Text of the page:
Cats have large, expressive eyes that come in a relatively wide range of exquisite colors. They could be blue, copper, gold, orange, yellow, turquoise, emerald, or almost any shade in between. In that rainbow of feline eye colors, there’s one color that we see most often: Green. From a light-colored sea green to a vivid emerald, green-eyed cats aren’t hard to come by.
In the human population, only about 2% of adults have green eyes. It’s considered to be one of the most rare eye colors in the world (along with amber and red). So if green eyes are so rare in humans, why are they so common in cats?
The Science Behind Eye Color
A complete understanding of the science behind feline eye color will likely require more than a few biology lessons, but we’ll break down the basics. For all species, eye color is determined on a cellular level with melanin and melanocyte activity. Melanin is the pigment produced by the melanocytes, and it’s the same stuff that determines what color human skin, hair, and eyes are.
Melanin is in charge of how intense a color is. The more melanin, the brighter and more vivid the iris will be. The melanocytes control the specific color. If there’s a high level of melanocyte activity in the iris, the eyes will be darker in color, and vice versa.
The amount of melanin in a cat’s eyes is based on genetics. They get different genes from both their mother and father, and those genetic markers determine a cat’s physical features. If both a male and female cat have green eyes, there’s an even greater probability that their offspring will also have green eyes.
It Starts At Birth
When kittens are born, there’s no way of knowing their eye color. In fact, they won’t even open their eyes until they’re about a week old. When you finally get a glimpse of those baby peepers, they will be an adorable blue.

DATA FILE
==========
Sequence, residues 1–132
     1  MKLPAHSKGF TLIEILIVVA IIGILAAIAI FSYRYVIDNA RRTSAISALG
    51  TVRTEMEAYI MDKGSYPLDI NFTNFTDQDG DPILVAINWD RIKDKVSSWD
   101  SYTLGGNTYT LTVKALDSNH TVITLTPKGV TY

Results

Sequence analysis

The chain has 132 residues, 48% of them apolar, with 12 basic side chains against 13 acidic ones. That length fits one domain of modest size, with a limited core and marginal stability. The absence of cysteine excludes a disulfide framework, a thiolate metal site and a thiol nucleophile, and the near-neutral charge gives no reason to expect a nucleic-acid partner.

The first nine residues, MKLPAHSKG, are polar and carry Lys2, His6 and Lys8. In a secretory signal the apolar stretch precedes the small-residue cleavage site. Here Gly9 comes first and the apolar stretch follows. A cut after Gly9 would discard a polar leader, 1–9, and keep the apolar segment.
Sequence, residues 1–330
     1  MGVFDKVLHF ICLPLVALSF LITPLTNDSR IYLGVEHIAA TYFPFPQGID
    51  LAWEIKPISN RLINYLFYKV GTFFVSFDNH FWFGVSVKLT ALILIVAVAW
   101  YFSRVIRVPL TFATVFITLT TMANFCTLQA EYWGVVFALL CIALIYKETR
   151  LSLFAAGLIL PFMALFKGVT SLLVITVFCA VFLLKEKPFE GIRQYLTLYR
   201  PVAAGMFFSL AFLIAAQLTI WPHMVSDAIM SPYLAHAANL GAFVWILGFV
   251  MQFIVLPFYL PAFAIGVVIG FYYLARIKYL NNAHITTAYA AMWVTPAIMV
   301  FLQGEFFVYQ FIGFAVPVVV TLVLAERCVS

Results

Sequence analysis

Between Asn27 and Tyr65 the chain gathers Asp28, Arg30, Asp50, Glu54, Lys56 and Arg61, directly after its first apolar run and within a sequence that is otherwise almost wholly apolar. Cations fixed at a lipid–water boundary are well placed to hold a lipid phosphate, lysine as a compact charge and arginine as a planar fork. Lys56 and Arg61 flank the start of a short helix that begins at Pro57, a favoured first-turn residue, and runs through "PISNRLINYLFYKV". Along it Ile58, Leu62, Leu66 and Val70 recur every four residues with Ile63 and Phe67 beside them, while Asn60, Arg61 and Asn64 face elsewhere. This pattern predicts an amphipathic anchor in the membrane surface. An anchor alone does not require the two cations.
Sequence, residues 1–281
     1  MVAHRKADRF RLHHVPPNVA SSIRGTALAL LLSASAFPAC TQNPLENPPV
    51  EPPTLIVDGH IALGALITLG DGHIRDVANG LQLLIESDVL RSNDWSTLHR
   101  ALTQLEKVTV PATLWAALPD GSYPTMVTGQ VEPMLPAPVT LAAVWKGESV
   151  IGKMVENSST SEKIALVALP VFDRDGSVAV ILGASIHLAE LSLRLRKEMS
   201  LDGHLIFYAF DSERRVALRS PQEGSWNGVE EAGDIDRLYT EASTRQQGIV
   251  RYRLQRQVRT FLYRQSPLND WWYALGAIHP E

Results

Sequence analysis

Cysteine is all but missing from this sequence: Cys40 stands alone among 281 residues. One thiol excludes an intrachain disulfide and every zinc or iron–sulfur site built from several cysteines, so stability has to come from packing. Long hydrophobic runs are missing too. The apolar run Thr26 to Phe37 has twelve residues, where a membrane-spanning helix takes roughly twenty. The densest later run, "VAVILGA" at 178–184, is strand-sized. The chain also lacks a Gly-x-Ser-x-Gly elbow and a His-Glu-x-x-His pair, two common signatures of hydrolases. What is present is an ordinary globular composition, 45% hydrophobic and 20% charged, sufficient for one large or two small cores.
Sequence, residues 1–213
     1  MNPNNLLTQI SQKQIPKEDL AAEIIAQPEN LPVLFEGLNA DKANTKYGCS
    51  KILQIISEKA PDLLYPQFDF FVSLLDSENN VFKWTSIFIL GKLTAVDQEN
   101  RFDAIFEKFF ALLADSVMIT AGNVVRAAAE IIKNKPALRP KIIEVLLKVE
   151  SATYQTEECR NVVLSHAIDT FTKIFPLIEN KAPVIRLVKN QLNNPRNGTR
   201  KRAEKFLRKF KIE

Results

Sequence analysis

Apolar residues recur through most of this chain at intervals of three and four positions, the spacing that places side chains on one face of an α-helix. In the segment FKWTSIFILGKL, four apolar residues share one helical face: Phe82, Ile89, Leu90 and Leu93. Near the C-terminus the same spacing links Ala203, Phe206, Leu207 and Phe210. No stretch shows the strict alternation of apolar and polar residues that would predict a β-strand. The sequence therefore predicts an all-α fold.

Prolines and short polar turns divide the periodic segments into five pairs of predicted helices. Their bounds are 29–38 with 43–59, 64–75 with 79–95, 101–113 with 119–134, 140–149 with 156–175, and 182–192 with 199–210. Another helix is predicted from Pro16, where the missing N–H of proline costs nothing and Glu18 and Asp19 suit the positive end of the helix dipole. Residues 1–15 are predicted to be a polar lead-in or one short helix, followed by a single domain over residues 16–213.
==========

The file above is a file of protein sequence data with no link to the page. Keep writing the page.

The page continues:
Different than the other eye colors, blue eyes are caused by a lack of melanin in the iris. There’s actually no pigmentation, and the blue color comes from the way light refracts through the rounded surface of the eye. It’s the same phenomena that happens when you look at a rounded piece of clear glass at certain angles.
All kittens are born with blue eyes, and they stay blue until they develop the melanin needed for a different color (unless their DNA codes for blue eyes, and then their eyes remain generally the same). You’ll usually notice a kitten’s eyes changing color when they’re around six weeks old. It’s a gradual process, and some cats don’t grow into their true eye color until they’re around six months.
Cats With Green Eyes
For a cat to grow into having green eyes, they have to have a low level of melanocytes. Green is considered a light eye color, while orange or gold are dark colors. Unlike humans, cats can’t have brown eyes.
The specific shade of green will depend on the melanin. A low level of melanin could result in a cat having aqua or sea-green colored eyes. An abundance of melanin will show up as a vivid emerald.
While cats with green eyes aren’t rare, the rich color is still something to marvel at. Rescue cats with bright green eyes usually have good chances of getting picked for adoption, and there are more than a few celebrity cats that have earned their fame in part thanks to their beautiful eyes.
The late Lil Bub had light green eyes, and rescued ragdoll cat named Luna is gaining Internet popularity thanks to her stunning sea-foam green eyes.
Fur Color Has Nothing To Do With It
While we’re talking about cool cats with green eyes, we can’t forget about Cattitude Daily’s own Pepper and Mr. Purple. These two adopted cat brothers are also great examples of how fur color has nothing to do with eye color.
You’d think that because melanin is responsible for both eye and coat color, that the two traits would be linked. But that’s not the case. The melanin in a cat’s iris is seperate from the melanin in their fur. This means any colored cat can have green eyes.
While Pepper is a tuxedo cat and has large areas of black fur that relates to the highest level of melanin, his green eyes indicate his irises have low levels of melanocyte activity. Mr. Purple’s eyes are a similar color to Pepper’s, but his gorgeous mane of ginger floof is obviously completely different than the dapper black and white of his tuxie brother. The difference in their coat colors has nothing to do with their similar green eyes.
Cats of all colors and personalities can have green eyes, and it’s safe to say they’re all gorgeous.
Does your cat have green eyes? We’d love to see! Post a picture in the comments.